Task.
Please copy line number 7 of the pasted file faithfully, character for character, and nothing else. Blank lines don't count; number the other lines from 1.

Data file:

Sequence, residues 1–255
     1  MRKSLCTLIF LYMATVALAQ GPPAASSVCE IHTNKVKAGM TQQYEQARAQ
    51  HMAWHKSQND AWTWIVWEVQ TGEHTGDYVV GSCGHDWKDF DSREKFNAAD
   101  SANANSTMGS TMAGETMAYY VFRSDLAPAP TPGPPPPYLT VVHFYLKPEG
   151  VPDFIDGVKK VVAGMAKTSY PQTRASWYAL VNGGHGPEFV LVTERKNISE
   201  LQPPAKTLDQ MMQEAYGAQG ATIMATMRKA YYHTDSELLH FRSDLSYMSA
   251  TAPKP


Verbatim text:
   251  TAPKP